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90 and up class: Langley Blaze RHP Theo Millas (Burnaby, BC) exceeded 90 MPH pitching for Orange in their romp over Black ... Coquitlam Reds’ RHP Jack Seward (Port Moody, BC) was 91 MPH and Toronto Mets’ RHP Drew Howard (Whitby, Ont.) was clocked at 90 ... Vauxhall Jets’ RHP Maddux Mateychuk (Dominion City, Man.) surpassed 90 MPH ... Mateychuk’s father played for the Mayville State Comets and his brother was drafted into the WHL by Moose Jaw.
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Back in time: Last Manitoba arms to hit 90 MPH: 19th rounder RHP Herbert Andres (Elon, Man.), who went from the Abbotsford Cardinals to the Pittsburgh Pirates and RHP David Parker (Winnipeg, Man.) drafted by the Los Angeles Dodgers in the 43rd round of the 2002 draft from Oklahoma City University.
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On the Mark: Toronto Mets OF Caden Shapiro (Toronto, Ont.) son of Blue Jays president Mark Shapiro had a pair of hits.
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Missed it by that much: Ontario Blue Jays speedy OF David Calabrese (Maple, Ont.) saw his two-run single turned into an out. Umpires ruled that he had missed first base, after Okotoks Dawgs 1B Connor Crowson (Okotoks, Alta.) noticed the mis-step.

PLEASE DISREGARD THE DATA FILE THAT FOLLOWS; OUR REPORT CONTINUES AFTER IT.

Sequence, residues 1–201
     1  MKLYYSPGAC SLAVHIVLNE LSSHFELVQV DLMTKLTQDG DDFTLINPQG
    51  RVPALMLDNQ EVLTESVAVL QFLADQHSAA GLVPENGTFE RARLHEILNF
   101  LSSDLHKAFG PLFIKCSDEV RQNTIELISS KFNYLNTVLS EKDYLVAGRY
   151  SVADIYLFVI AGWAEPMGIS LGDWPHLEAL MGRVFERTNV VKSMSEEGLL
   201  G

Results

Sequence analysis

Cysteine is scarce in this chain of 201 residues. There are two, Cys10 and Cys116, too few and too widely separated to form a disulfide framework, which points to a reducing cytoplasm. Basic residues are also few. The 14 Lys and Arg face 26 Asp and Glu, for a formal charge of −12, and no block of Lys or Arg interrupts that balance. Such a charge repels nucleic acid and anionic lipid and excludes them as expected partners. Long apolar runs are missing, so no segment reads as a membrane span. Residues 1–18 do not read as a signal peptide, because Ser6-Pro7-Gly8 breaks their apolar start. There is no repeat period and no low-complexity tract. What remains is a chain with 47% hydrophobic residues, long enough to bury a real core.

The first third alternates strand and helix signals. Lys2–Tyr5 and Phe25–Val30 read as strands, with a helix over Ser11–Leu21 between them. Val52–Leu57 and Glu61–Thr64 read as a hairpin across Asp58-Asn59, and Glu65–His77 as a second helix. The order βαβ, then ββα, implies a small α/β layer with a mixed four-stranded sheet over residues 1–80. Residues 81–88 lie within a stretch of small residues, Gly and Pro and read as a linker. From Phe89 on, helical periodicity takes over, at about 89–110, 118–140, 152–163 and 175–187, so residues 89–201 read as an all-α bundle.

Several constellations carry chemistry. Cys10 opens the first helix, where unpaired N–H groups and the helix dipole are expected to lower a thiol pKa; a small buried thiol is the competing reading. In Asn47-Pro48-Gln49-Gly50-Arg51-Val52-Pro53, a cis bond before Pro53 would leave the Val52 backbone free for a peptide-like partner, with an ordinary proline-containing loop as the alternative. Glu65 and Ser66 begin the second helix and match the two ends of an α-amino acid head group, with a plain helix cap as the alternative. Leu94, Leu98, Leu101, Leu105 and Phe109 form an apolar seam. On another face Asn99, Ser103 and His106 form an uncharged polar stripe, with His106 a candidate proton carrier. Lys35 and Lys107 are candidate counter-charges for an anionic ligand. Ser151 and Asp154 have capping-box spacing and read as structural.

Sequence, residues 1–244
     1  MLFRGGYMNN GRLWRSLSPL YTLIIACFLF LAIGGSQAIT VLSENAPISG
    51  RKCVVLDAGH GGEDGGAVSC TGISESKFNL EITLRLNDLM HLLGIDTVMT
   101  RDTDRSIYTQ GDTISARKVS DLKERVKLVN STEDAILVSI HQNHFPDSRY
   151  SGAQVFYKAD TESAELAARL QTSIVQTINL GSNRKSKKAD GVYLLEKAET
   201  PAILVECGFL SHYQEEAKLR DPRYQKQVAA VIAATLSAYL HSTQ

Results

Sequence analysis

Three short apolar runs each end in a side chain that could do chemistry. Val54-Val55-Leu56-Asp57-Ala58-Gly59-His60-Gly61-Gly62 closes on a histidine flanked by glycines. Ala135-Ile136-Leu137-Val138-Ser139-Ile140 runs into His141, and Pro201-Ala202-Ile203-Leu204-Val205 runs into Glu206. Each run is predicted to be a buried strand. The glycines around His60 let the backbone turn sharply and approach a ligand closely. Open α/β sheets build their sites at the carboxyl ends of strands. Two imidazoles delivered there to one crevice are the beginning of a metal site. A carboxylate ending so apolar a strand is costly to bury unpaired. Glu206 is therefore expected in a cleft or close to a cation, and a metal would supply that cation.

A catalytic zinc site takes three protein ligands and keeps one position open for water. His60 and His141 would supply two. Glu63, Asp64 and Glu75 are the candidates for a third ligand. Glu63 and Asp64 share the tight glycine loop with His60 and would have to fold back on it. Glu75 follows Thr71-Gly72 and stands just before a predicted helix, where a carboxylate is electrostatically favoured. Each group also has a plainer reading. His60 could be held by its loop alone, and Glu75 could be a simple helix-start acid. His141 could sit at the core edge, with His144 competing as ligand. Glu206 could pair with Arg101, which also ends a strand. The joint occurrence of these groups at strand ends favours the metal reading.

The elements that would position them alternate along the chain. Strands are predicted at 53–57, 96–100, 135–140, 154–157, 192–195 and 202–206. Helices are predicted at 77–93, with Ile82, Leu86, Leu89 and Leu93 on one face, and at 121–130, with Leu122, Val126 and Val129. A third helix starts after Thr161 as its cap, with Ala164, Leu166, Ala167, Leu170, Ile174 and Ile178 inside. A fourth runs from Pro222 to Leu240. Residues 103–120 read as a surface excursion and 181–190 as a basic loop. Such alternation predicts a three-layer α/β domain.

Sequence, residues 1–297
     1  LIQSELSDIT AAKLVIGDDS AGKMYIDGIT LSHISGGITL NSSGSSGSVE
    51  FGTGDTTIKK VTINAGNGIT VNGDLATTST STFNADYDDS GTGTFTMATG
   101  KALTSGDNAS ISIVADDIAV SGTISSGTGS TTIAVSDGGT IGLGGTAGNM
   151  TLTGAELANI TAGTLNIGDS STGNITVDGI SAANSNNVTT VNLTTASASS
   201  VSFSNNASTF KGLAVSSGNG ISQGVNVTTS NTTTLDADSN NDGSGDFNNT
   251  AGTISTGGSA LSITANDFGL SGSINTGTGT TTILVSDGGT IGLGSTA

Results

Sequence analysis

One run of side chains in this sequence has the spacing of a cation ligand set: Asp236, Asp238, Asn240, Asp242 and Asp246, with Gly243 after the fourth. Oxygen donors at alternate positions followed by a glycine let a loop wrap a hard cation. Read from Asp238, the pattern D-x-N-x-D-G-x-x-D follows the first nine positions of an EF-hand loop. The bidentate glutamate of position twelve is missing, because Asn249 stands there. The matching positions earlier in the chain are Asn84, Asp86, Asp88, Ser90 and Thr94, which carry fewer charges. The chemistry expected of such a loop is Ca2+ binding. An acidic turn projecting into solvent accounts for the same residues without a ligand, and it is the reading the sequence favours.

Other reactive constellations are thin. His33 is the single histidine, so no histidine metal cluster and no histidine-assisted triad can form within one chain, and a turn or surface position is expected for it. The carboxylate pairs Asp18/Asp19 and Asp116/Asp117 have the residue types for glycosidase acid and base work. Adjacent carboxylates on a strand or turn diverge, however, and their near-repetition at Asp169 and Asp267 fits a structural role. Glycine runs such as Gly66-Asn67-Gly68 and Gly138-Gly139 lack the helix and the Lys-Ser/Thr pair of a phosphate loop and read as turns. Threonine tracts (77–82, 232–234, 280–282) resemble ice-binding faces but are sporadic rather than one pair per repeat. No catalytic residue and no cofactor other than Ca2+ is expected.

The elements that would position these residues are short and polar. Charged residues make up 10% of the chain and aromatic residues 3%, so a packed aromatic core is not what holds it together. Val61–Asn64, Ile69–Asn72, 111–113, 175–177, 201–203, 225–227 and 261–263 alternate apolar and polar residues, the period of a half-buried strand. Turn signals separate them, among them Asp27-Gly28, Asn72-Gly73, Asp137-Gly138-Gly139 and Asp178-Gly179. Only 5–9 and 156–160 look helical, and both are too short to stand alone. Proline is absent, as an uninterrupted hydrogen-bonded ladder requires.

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Recruiters watching from four and two-year schools (one add): Kentucky, Sacramento State, Gonzaga, St. John’s, Utah, Illinois, Illinois State, Northern Kentucky, Campbell, University of British Columbia, Iowa Western, Howard.
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Pro scouts watching from major league teams (three adds): Anaheim Angels, Arizona Diamondbacks, Boston Red Sox, Chicago White Sox, Cincinnati Reds, Colorado Rockies, Detroit Tigers, Kansas City Royals, Milwaukee Brewers, Minnesota Twins, New York Mets, New York Yankees, Oakland A’s, Philadelphia Phillies, Pittsburgh Pirates, San Diego Padres, San Francisco Giants, Seattle Mariners, Texas Rangers and Toronto Blue Jays. Royals scouting director Lonnie Goldberg is on hand. Usually teams have one or two players here. However, a number have three scouts here, including cross checkers. Not that this June is a bumper crop, but the Canadian Junior National Team will not be making its annual trip to Florida since it just returned from the World 18U in Korea.